Cat surgery is likely going to be part of life for your little pet. Most cats undergo at least one surgery in their lives, usually spaying or neutering. Other surgical procedures sometimes performed are the removal of lumps, bladder stone removal, biopsies and exploratory surgery, among others.

It’s imperative to learn about the proper measures you can take before any surgery to reduce anxiety and confusion for both you and your cat. If you know what to expect and how you can help, the procedure itself and the recovery process will go more smoothly.

Here is What to do a Week Before the Surgery

One week before your feline friend comes to the animal hospital, check to see if all his or her vaccinations are up to date. Talk to your veterinarian about the vaccines necessary for your cat to safely undergo surgery and, if required, hospital boarding.

Many vets recommend rabies and distemper shots administered at least five days prior to the date of the surgery. These shots will stimulate the cat’s immune system and protect him or her from possible infections. Remember that the shot should be given in advance because the protective effect takes time to work instead of immediately.

Here is What to do a Few Days Before the Surgery

If your vet recommends your cat will require a special diet after the surgery, it’s best to purchase the food in advance. This way, when your pet comes home, you can spend much-needed time with them instead of going out to buy the food they need.

Clean your pet’s bedding and sleeping area so that when they come home, he or she will feel comfortable. Clean bedding also helps the incision heal better with fewer problems, and prevents the risk of infection. If possible, section off a part of your home for your cat, and designate it as the “recovery room.” This area should be free of noise and stressful activities, and the litter box along with sufficient food and water should be accessible.

Here is What to do One Day Before the Surgery

Is your cat currently taking any medication? If so, be sure to ask your veterinarian if it should be administered the morning of the surgery. Some medications can be continued; however, the surgery may require an empty stomach. You need to know which of the two routes is best for your pet.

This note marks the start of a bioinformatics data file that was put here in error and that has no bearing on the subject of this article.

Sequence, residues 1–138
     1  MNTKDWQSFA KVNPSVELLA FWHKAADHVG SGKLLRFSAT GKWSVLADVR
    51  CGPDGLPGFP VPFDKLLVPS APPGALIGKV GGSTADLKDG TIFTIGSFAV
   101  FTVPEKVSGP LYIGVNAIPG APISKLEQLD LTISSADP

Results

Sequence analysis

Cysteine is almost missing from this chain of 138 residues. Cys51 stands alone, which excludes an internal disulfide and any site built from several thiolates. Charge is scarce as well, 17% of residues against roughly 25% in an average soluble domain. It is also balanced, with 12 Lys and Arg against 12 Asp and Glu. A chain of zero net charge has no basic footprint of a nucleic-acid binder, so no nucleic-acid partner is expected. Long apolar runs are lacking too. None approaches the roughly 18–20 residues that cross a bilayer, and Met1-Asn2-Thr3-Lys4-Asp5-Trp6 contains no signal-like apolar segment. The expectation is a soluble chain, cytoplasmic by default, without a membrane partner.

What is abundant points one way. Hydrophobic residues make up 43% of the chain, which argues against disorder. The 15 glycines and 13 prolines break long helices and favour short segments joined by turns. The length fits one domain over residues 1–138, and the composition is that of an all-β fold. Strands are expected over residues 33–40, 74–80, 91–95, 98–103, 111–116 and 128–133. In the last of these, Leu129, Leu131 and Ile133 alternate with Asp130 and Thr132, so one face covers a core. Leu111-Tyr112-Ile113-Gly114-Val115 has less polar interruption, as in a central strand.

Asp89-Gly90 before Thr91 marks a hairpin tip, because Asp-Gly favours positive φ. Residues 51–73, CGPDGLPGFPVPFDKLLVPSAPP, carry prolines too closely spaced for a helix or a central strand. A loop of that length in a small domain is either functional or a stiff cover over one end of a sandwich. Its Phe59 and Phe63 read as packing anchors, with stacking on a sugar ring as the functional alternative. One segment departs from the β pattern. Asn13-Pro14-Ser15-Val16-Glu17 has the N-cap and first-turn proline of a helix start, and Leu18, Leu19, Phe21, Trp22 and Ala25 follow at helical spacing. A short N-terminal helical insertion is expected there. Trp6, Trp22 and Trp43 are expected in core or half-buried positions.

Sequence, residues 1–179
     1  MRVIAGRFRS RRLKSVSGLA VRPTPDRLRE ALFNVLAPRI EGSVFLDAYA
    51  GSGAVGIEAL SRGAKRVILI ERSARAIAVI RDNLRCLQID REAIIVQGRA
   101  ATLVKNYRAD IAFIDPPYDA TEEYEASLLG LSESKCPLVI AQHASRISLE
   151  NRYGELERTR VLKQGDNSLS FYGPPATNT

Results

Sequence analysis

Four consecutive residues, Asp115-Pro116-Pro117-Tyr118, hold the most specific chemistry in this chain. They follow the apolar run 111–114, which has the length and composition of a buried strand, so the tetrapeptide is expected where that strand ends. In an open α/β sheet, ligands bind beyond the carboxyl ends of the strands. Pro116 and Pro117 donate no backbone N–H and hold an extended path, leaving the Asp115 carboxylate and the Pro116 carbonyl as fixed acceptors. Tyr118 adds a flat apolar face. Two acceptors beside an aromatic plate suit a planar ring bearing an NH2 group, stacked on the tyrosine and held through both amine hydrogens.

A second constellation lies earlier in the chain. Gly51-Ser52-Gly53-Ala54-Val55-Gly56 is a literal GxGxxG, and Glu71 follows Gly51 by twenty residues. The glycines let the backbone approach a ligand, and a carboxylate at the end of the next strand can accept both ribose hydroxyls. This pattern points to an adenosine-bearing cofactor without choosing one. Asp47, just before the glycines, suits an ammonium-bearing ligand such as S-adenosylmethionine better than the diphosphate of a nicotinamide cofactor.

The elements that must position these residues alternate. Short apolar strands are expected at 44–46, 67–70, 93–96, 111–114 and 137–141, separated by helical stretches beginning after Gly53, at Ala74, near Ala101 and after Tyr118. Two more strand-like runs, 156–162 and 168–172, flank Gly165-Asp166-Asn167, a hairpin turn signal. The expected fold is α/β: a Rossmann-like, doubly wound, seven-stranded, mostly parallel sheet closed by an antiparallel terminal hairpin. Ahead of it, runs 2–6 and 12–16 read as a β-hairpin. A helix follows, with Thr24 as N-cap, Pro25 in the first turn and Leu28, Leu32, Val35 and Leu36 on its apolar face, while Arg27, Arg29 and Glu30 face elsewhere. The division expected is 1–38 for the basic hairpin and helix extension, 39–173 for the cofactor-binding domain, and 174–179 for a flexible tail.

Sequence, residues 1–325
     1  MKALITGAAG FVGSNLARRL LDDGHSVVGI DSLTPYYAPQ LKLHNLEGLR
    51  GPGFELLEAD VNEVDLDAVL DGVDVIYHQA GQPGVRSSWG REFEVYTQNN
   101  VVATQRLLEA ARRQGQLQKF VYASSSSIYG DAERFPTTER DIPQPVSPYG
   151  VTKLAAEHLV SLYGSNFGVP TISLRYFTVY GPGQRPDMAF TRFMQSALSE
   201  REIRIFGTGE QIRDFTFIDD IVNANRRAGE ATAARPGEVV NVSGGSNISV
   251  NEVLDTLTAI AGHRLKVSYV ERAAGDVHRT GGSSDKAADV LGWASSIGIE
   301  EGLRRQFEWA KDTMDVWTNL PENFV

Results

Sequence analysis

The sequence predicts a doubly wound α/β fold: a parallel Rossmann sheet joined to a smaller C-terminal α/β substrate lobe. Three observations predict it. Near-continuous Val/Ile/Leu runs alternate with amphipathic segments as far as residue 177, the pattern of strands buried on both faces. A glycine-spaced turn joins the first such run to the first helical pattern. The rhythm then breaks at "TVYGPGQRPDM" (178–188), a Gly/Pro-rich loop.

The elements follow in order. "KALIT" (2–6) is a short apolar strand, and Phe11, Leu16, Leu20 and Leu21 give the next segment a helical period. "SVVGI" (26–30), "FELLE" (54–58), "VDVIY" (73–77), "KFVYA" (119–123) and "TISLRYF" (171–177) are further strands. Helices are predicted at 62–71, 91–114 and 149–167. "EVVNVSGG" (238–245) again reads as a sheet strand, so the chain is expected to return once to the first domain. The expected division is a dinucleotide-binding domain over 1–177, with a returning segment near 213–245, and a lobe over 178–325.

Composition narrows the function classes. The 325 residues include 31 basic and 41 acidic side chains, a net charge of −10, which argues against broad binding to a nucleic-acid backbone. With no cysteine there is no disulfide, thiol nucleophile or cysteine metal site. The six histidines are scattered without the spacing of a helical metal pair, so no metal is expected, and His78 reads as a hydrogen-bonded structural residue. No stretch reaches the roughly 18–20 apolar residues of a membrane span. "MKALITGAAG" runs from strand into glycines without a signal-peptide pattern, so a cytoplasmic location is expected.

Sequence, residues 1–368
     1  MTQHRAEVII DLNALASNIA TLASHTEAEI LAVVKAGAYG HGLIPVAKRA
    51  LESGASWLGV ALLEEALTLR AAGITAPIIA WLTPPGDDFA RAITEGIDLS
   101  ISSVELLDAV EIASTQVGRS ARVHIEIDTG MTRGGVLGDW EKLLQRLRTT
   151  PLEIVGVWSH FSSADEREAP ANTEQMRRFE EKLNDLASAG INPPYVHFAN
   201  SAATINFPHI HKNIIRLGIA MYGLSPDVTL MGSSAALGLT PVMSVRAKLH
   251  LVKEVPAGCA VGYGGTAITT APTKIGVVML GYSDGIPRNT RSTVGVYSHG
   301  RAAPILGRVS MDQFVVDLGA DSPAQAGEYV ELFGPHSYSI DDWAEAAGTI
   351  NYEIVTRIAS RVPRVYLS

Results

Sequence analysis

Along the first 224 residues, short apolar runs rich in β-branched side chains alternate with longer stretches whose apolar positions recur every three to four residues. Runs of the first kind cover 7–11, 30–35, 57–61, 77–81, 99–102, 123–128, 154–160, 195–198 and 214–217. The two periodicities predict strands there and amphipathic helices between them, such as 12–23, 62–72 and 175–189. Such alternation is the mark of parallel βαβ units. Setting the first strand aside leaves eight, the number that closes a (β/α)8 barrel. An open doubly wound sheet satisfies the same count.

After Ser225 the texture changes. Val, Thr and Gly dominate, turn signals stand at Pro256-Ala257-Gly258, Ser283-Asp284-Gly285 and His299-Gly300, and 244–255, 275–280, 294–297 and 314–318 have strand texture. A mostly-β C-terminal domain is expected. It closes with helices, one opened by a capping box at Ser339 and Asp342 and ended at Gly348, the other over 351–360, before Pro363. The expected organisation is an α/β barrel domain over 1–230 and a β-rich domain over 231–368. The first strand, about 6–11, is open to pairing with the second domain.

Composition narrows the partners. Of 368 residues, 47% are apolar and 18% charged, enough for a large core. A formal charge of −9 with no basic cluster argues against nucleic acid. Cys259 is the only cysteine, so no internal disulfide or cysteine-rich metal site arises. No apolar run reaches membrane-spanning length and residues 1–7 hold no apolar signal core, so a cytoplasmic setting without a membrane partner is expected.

You may want to give your pet a bath the day before surgery and clean their ears and trim the nails. However, if your vet tells you cleaning won’t be necessary, just give your cat’s fur a good brushing the night prior to the procedure. Brushing reduces the amount of matted hair that may accumulate if they lie still for many hours during their recovery, and it lessens the need for any brushing post-surgery.

The day before the surgery, don’t let your cat play rough. You don’t want your little pet suffering from muscle soreness along with the usual anxiety that accompanies surgery. Also, be sure to have your cat stay indoors the day before the procedure; many times cat surgery has had to be postponed because the patient can’t be found.

If the vet advises that no food or water should be taken after midnight, don’t forget to take away your cat’s food and water so that it’s not available. Moreover, see to it that members of the family and other pets avoid winding them up through play, and allow your cat the chance to get a good night’s sleep – he or she will need to be fully rested in order to bounce back quickly after the surgery.

With a bit of preparation, you can help make cat surgery for your little pet less worrisome and ensure a speedy recovery.

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